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See also: Ward, -ward, and -wards



Etymology 1[edit]

From Middle English ward, from Old English weard (keeper, watchman, guard, guardian, protector; lord, king; possessor), from Proto-Germanic *warduz (guard, keeper), from Proto-Indo-European *wer- (to heed, defend). Cognate with German Wart.


ward (plural wards)

  1. (archaic or obsolete) A warden; a guard; a guardian or watchman.

Etymology 2[edit]

From Middle English ward, warde, from Old English weard (watching, ward, protection, guardianship; advance post; waiting for, lurking, ambuscade), from Proto-West Germanic *wardu, from Proto-Germanic *wardō (protection, attention, keeping), an extension of the stem *wara- (attentive) (English wary, beware), from Proto-Indo-European *wer- (to cover).

Cognate with German Warte (watchtower), warten (wait for); English guard is a parallel form which came via Old French.


ward (countable and uncountable, plural wards)

  1. Protection, defence.
    1. (obsolete) A guard or watchman; now replaced by warden.
    2. The action of a watchman; monitoring, surveillance (usually in phrases keep ward etc.)
    3. Guardianship, especially of a child or prisoner.
      • 1485, Sir Thomas Malory, Le Morte d'Arthur, Book V:
        So forth the presoners were brought before Arthure, and he commaunded hem into kepyng of the conestabyls warde, surely to be kepte as noble presoners.
      • c. 1604–1605 (date written), William Shakespeare, “All’s VVell, that Ends VVell”, in Mr. William Shakespeares Comedies, Histories, & Tragedies [] (First Folio), London: [] Isaac Iaggard, and Ed[ward] Blount, published 1623, →OCLC, [Act I, scene i]:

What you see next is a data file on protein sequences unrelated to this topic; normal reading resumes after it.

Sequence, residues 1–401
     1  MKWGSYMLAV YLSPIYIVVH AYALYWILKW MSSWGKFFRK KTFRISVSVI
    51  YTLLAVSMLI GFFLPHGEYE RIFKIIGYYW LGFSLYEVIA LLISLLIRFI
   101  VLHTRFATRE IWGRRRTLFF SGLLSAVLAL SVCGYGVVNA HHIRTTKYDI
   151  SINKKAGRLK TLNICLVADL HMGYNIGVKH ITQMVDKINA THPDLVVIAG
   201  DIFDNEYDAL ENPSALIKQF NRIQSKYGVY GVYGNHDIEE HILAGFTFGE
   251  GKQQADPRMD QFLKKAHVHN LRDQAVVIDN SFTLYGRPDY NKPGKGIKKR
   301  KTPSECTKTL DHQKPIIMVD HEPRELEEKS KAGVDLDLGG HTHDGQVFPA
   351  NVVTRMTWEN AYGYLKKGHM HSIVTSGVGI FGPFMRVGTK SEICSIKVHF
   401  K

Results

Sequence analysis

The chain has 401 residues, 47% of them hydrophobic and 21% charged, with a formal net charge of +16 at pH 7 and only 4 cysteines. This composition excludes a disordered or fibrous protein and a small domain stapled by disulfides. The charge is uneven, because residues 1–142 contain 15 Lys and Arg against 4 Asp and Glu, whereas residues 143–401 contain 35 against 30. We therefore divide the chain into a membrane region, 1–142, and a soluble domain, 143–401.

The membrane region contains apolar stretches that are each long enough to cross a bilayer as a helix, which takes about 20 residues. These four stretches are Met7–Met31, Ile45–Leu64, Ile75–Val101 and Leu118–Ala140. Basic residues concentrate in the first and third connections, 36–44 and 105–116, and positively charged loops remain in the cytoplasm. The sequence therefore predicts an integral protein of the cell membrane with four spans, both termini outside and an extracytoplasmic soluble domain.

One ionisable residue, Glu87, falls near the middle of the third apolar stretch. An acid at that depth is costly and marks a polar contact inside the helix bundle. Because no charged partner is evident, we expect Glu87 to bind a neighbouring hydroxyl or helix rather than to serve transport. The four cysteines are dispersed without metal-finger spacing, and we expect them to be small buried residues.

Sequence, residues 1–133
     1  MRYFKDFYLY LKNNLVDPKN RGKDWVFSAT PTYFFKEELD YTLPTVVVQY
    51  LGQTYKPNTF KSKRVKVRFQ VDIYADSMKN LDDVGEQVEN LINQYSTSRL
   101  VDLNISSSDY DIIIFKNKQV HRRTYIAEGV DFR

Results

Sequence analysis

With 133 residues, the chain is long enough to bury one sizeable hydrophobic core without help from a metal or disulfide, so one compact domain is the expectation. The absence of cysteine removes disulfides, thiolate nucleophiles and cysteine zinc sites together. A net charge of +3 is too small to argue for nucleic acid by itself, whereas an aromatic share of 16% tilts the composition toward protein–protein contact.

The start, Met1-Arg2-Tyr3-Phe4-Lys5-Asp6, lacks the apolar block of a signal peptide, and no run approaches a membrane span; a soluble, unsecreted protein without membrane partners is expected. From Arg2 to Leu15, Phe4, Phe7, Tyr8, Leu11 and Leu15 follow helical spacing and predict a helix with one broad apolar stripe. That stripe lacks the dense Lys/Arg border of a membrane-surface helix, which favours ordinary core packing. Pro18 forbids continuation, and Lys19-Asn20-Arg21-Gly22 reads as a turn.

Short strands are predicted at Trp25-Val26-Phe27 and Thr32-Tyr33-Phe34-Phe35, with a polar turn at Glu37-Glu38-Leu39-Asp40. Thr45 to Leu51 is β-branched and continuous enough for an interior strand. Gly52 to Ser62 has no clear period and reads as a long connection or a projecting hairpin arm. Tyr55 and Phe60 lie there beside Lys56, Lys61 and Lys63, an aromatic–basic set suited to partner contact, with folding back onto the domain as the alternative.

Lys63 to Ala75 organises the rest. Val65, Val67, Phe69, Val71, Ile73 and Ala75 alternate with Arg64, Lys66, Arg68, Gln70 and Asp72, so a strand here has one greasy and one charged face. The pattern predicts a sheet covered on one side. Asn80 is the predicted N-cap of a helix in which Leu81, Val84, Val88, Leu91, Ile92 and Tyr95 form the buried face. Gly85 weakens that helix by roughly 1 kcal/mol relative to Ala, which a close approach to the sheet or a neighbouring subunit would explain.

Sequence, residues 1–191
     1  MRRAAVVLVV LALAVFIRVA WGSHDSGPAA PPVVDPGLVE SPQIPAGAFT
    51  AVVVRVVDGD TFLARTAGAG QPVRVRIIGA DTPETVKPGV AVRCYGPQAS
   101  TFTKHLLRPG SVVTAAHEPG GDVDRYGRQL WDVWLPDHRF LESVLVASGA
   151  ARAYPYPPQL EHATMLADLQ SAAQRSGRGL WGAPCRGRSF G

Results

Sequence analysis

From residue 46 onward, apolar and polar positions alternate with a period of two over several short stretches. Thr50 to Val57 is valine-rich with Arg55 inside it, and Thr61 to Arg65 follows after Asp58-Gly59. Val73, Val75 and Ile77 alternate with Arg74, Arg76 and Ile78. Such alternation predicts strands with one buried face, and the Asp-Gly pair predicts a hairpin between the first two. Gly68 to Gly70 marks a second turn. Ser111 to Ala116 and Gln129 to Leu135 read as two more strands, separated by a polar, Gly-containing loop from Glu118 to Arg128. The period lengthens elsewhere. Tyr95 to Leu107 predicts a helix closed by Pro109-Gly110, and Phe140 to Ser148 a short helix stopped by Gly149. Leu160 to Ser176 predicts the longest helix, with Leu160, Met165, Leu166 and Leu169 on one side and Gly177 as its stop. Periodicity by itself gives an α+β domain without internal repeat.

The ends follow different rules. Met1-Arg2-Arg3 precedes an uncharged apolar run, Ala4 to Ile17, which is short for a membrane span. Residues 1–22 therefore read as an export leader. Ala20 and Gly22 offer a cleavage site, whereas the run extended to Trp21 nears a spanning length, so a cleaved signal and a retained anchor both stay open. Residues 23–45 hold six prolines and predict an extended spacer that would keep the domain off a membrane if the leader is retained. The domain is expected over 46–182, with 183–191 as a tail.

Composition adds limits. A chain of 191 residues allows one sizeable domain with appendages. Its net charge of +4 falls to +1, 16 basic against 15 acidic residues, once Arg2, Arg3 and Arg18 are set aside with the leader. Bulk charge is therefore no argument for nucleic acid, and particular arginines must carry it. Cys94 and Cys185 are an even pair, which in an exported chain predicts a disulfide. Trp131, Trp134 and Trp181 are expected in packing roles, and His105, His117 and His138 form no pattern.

I must attend his majesty's command, to whom I am now in ward.
      • 1596 (date written; published 1633), Edmund Spenser, A Vewe of the Present State of Irelande [], Dublin: [] Societie of Stationers, [], →OCLC; republished as A View of the State of Ireland [] (Ancient Irish Histories), Dublin: [] Society of Stationers, [] Hibernia Press, [] [b]y John Morrison, 1809, →OCLC:
        It is also inconvenient, in Ireland, that the wards and marriages of gentlemen's children should be in the disposal of any of those lords.
    4. An enchantment or spell placed over a designated area or social unit, that prevents any tresspasser from entering; approaching; or even being able to locate said protected premises or demographic.
    5. (historical, Scots law) Land tenure through military service.
    6. (fencing) A guarding or defensive motion or position.
  2. A protected place, and by extension, a type of subdivision.
    1. An area of a castle, corresponding to a circuit of the walls.
      • 1942, Rebecca West, Black Lamb and Grey Falcon, Canongate, published 2006, page 149:
        Diocletian [] must certainly have derived some consolation from the grandeur of Aspalaton, the great arcaded wall it turned to the Adriatic, its four separate wards, each town size, and its seventeen watch-towers [].
      • 2000, George R.R. Martin, A Storm of Swords, Bantam, published 2011, page 78:
        With the castle so crowded, the outer ward had been given over to guests to raise their tents and pavilions, leaving only the smaller inner yards for training.
    2. A section or subdivision of a prison.
    3. An administrative division of a borough, city or council.
      On our last visit to Tokyo, we went to Chiyoda ward and visited the Emperor's palace.
    4. (UK) A division of a forest.
    5. (Mormonism) A subdivision of the LDS Church, smaller than and part of a stake, but larger than a branch.
    6. A part of a hospital, with beds, where patients reside.
      • 1961 November 10, Joseph Heller, “The Soldier in White”, in Catch-22 [], New York, N.Y.: Simon and Schuster, →OCLC, page 168:
        Since sick people were apt to be present, he could not always depend on a lively young crowd in the same ward with him, and the entertainment was not always good.
      • 2011 December 16, Denis Campbell, “Hospital staff 'lack skills to cope with dementia patients'”, in Guardian[1]:
        Many hospitals have not taken simple steps to lessen the distress and confusion which dementia sufferers' often feel on being somewhere so unfamiliar – such as making signs large and easy to read, using colour schemes to help patients find their way around unfamiliar wards and not putting family mementoes such as photographs nearby.